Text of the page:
By: Harris Amjad | Updated: 2024-07-23 | Comments | Related: > Power BI
Problem
In this tip, we will go over the use of logical functions in data analysis using Power BI. Although a use case might not be apparent at a glance, we will soon see that logical functions provide a way to make decisions, filter data based on specific conditions, and perform conditional operations. One way to do this in Power BI is to use specialized DAX logical functions. You will see how these logical functions provide the flexibility and power needed to manipulate, analyze, and interpret data effectively.
Solution
Data-informed decision-making is now everywhere around us—be it for corporate and industry-based use cases or policy analysis in the government and healthcare sectors, the tools utilized are the same. This tip will explore a small subset of these data analysis tools: the logical functions.
We are all familiar with the basic premise of a function. It is simply a relation and a process that maps its inputs to one output. We are also familiar with many basic numerical functions and operators. For instance, the + operator can be considered a function that takes in any two real numbers and outputs the addition of those numbers. Similarly, MEAN() can also be considered a function that takes in numbers and returns the arithmetic mean of those numbers. Now that we are on this subject, you can probably recall several other numerical functions and operators you have often used in different contexts.
Building on this concept, we also have another branch of operators and functions that deal with the logical and discrete domain. Logical functions play a crucial role in data analysis by enabling analysts to apply conditional and boolean logic to their data. Particularly in the context of Power BI, logical functions help evaluate an expression as True or False, enabling us to obtain conditional results.
If the concept of logical functions seems abstract to you, do not worry. We will soon expand it, painting a much clearer and more familiar picture. Here are some of the most common logical operators and functions:
Logical Operator/Function | Description |
---|---|
= | Since you are familiar with this equality operator, let's evaluate some examples. This operator returns true if the inputs have the same value. For instance, will return true, but will also return true! On the other hand, something like = 1 will always return false. |
> | This is also a very common comparison operator. This "greater than" operator takes in two input values and returns true if a number is strictly greater than the other or not. Note the direction as is true but is false. Similar families of operators include < less than, ≥ greater than or equal, and ≤ less than or equal to. You can easily interpolate the workings of these operators given the examples above. |
NOT | This operator is sometimes also denoted by the ! symbol. It takes in one input, and it essentially acts like an inverter. If the input is true, NOT will return false and vice versa. Consider this example: . First, we will evaluate the expression within the NOT statement. Clearly, it returns a false as 3 is neither equal to nor less than 2. Simplified, our expression has become , which evaluates to true. |
OR | This operator is often represented by double or single | (pipes). It takes in two inputs and returns true if at least one input evaluates to true. This means that the OR operator only returns false if both inputs are false. Let's take a look at some examples: . It's clear that the first input evaluates to true, whereas the second one evaluates to false. We now have . This statement returns true as at least one of our inputs is true. We would have also gotten a true for the statement . |
AND | This operator is sometimes represented by the & symbol. This operator also takes in two inputs and returns true only if both of the inputs are true; otherwise, it returns false. For instance, if we consider the previous expression , this will return false as our input is false. |
Note that in several programming languages, "1" is used to represent true, whereas "0" is used to represent false.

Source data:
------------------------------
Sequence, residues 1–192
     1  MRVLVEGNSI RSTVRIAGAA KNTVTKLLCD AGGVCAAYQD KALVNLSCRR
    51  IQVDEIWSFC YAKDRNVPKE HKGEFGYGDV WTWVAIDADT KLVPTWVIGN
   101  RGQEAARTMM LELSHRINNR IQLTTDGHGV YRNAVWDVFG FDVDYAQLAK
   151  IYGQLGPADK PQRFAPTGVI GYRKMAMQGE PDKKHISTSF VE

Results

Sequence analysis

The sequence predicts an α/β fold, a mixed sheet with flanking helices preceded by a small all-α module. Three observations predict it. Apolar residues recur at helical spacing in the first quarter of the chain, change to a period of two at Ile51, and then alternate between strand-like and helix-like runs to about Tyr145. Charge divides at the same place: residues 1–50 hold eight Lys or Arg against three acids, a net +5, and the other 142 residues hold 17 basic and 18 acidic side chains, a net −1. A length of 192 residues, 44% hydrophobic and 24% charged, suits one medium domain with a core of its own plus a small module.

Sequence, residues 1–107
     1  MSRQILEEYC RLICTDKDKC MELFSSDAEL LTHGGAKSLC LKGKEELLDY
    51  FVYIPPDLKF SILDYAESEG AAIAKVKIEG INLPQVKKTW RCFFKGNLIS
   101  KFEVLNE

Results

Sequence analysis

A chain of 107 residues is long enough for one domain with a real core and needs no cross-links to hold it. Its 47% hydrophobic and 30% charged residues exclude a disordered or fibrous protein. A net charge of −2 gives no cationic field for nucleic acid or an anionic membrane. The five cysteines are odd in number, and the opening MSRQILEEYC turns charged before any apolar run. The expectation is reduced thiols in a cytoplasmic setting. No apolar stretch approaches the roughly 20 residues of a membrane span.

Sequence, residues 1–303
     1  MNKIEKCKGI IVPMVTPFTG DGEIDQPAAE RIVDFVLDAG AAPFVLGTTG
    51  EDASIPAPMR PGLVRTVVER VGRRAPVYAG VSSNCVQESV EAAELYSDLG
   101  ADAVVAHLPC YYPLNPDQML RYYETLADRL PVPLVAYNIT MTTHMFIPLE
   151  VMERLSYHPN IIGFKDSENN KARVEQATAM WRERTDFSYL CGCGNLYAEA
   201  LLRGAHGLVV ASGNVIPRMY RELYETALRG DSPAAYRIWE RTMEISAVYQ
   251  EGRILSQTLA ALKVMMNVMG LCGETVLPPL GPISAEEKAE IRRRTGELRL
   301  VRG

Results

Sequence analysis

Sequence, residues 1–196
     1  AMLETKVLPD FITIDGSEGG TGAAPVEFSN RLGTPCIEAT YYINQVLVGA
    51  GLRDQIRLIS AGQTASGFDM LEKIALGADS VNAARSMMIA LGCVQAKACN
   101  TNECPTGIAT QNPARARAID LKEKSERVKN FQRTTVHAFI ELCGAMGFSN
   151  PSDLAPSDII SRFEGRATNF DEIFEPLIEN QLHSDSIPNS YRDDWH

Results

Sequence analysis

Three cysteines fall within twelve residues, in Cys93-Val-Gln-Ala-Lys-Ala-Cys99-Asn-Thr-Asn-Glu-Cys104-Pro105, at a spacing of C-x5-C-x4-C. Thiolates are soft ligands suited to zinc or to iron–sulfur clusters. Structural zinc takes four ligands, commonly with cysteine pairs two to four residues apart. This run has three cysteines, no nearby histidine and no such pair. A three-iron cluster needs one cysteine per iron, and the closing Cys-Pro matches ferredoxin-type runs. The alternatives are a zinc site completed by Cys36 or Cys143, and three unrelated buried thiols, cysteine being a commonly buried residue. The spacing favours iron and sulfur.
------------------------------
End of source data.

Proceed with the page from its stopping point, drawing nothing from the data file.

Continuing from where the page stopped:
Furthermore, now that we have the background for logical algebra, we can expand on the IF statements used in Power BI. IF statements are used to evaluate different expressions constructed by logical operators. They return a different output when the expression is evaluated to be true, and another output if it is false. SWITCH statements are also used for conditional coding. We will see later how it differs from IF statements.
You probably now have a much clearer understanding of logical algebra. To enhance this understanding, let's also take a look at where this type of approach is useful in data analysis:
- Thresholding: Comparison operators like <, >, ≥, and ≤ help us to evaluate whether the data points of a variable surpass a fixed threshold or not. For instance, given that we have the monthly sales data of a particular firm, we can use the comparison operators to obtain information regarding the months in which the sales exceeded the average sales value (which is the threshold in this case).
- Data Filtering: Logical operators can also be used to acquire subsets of our datasets. Clever expressions can be constructed that allow us to filter out outliers, select data within a certain date range, or focus on a particular subset of your dataset that meets specific criteria.
- Data Segmentation: We can also use logical operators and functions to convert a continuous variable into a discrete value based on some conditions. This process is also called discretization.
Creating a Schema in SQL Server
Now that we understand the fundamentals and importance of logical functions in the data analysis process, it is time for a more practical demonstration. For that, we will first create an example dataset using SQL Server that represents the sales and performance metrics of different branches of a hypothetical company.
To get started, we will first create our database.
--MSSQLTips.com CREATE DATABASE logic; USE logic;
Then, we will construct our table. Assume that this hypothetical firm was initially sold only one good at all of its branches, with a fixed price of 15. It is now trying to gauge the change in its performance after a price discrimination policy was implemented.
--MSSQLTips.com CREATE TABLE branch_data ( branch VARCHAR(255), price INT, sales INT, productivity VARCHAR(255) );
--MSSQLTips.com INSERT INTO branch_data VALUES ('A', 7, 30000, 2), ('B', 12, 45000, 4), ('C', 21, 32000, 3), ('D', 6, 28000, 2), ('E', 5, 50000, 4), ('F', 13, 65000, 2), ('G', 20, 70000, 4), ('H', 8, 67000, 3), ('I', 12, 37000, 1), ('J', 7, 34000, 2), ('K', 22, 23000, 4), ('L', 6, 30000, 2), ('M', 16, 48000, 1), ('N', 25, 31000, 4), ('O', 15, 39000, 3), ('P', 14, 46000, 3), ('Q', 5, 50000, 2), ('R', 12, 48000, 4), ('S', 6, 42000, 4), ('T', 24, 38000, 3), ('U', 6, 29000, 1), ('V', 17, 42000, 3), ('W', 8, 35000, 3);